Monday, October 31, 2016

Young Frankenstein (2016)

by Mel Brooks

The first time I heard there was going to be a book about Young Frankenstein was on The Tonight Show when Mel Brooks came out to promote it. The large, coffee table format of the book make me think it would be short on text, but I ordered it anyway. Sure enough, even though I lingered over the pictures, it took less than an hour to get through it. It’s unfortunate, because a film of this magnitude deserves a far more detailed historical analysis than the People magazine sized remembrances about each actor and crewmember of the film. The text of Young Frankenstein: The Story of the Making of the Film, even with the huge font and including the pictures, barely comes in at a disappointing 200 pages. And yet, because there really isn’t anything else out there, one can’t be too critical. Most of the text is written by Brooks himself, telling about how he cast the picture and vital role played by the rest of the major crew members. The book is also augmented by sections of an article by Loraine Alterman—the future Mrs. Peter Boyle—that she wrote for Rolling Stone magazine. The rest is mostly pictures, and there are some good ones.

Some of the photographs are clearly filler, screen shots that are accompanied by “scenes” from the film, really just tiny bits of dialogue with shots on either side of the page. The behind the scenes photos are really what the book is worth getting for, that and the text by Brooks. What I didn’t really know is that Brooks and Gene Wilder began working on the screenplay for the film while they were shooting Blazing Saddles. Rather than taking their hot hand from that film and rolling it into the next one, they hadn’t had any real box office success beyond The Producers, and had no guarantees that Young Frankenstein would even be produced. One of the things that could have enhanced the book is the original screenplay, which is actually more similar to the farce of Blazing Saddles than it would be the carefully crafted satire of the eventual film. And it was also surprising to learn that it was Brooks who reined in Wilder’s more excessive gags. But that is absent from the book as well. What there is about the way Brooks hired his cast and crew is ultimately satisfying if somewhat brief. Something else that it was good to hear Brooks admit is that this was his proudest creation. I’ve never liked the over-the-top, broad comedy of his other films, but Young Frankenstein was so lovingly created that it deserves the status of classic.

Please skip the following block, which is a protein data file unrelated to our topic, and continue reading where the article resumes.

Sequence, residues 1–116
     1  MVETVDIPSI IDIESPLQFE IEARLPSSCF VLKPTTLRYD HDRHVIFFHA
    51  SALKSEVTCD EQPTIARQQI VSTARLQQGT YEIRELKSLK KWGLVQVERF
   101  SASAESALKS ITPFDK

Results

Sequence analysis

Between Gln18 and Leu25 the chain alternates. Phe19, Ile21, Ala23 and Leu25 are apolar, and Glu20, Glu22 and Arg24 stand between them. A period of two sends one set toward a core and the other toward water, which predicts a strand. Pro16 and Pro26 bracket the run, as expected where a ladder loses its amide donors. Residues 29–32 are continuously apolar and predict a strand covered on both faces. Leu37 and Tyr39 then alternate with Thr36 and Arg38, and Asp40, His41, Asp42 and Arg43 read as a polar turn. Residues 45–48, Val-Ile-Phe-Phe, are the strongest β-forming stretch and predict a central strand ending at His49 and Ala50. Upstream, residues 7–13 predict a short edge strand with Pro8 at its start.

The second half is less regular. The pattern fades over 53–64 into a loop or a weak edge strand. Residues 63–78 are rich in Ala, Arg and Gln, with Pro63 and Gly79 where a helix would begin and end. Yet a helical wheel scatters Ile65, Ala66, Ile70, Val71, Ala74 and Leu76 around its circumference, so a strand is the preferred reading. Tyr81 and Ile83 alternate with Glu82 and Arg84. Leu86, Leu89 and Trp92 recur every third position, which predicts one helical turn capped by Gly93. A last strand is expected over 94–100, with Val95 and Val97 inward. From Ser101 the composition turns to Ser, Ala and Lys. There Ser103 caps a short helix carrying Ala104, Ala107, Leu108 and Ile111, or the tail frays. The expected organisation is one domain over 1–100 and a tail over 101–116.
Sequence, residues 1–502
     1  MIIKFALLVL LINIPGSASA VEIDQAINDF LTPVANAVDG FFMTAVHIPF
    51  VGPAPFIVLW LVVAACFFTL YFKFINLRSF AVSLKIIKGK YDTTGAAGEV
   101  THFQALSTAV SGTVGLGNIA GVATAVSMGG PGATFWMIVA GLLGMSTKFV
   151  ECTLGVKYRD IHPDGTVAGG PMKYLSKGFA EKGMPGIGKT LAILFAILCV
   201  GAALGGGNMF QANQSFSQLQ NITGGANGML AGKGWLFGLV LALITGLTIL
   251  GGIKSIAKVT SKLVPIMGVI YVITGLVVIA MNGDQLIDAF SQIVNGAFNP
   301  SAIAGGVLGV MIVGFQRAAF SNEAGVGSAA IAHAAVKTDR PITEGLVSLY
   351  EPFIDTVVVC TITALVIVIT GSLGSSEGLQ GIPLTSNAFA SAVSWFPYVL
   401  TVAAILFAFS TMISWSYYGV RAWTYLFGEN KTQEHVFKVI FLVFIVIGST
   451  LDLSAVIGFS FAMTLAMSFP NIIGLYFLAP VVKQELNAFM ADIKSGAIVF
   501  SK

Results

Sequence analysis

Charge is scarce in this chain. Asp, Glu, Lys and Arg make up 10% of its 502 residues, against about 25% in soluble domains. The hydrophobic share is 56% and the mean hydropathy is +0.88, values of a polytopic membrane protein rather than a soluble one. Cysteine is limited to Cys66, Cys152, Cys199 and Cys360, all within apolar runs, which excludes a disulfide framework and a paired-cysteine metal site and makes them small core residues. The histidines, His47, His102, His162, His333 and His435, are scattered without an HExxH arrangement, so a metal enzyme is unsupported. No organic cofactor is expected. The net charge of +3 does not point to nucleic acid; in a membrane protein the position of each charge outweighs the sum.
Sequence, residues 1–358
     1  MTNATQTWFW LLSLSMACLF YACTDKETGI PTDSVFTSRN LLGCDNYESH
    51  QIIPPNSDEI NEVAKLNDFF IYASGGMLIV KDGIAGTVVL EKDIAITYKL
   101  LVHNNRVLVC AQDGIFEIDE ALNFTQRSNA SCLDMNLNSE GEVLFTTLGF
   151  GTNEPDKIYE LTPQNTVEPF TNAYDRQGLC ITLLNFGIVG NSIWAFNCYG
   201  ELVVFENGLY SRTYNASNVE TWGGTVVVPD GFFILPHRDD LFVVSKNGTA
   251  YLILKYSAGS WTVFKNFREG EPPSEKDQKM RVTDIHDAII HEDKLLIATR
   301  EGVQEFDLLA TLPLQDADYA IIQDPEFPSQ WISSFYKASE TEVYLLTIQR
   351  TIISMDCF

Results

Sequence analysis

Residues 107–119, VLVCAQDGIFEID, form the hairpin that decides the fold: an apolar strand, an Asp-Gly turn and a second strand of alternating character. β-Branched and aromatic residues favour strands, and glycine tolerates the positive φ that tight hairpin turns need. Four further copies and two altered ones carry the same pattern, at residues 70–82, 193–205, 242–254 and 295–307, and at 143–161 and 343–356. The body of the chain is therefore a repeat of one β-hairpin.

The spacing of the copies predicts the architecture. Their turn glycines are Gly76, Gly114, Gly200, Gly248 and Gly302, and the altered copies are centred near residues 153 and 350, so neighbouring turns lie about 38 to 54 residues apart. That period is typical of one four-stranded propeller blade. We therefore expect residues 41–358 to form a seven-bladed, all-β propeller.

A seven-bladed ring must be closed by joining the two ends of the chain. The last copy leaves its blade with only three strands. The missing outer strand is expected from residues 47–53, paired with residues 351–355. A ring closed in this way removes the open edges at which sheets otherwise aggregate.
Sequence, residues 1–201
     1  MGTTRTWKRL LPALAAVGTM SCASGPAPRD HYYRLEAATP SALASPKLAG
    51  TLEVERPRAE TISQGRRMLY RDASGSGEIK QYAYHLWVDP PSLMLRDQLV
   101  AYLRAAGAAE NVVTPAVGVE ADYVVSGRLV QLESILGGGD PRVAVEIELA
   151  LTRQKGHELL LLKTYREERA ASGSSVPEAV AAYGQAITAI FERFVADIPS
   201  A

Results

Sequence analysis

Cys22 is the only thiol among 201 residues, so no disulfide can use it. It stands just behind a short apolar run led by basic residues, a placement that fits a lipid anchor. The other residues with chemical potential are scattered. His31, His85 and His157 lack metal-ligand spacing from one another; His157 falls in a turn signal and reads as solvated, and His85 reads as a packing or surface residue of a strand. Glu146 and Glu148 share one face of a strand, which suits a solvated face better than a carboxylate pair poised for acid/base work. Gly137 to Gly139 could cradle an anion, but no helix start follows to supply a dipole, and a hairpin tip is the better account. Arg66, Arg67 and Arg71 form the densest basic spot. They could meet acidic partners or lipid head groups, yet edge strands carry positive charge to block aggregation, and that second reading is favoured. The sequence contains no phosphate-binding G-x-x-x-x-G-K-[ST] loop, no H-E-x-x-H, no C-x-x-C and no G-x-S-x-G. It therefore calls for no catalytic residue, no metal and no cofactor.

The way the principal cast came together was because both Marty Feldman and Peter Boyle were represented by the same agent as Gene Wilder. And of course it turned out that they were perfect together. I had heard some time ago that Brooks himself had thought about playing Igor, but he made no such reference in the book. Brooks lucked out that Alan Ladd Jr. had just been hired to run 20th Century Fox, and simply believed in shooting black and white the way the director wanted. His cinematographer, Gerald Hirschfeld had experience with the medium and was the perfect choice for director of photography. And I was also pleased to read Brooks heaping praise on one of the most under-appreciated aspects of the film, the score by John Morris. His main theme, the “Transylvanian Lullaby,” is one of the greatest horror music cues of all time. Coming off of the unexpected success of Blazing Saddles, the film was a smash at the box office and was ultimately responsible for making Brooks a bankable name in Hollywood. While he would never again reach the heights he achieved with this film, it is a testament to the genius of Brooks and Gene Wilder that the film has stood the test of time. Young Frankenstein: The Story of the Making of the Film, while certainly not the book fans of the film would have hoped for, is still a loving tribute to one of the greatest horror-comedies of all time.

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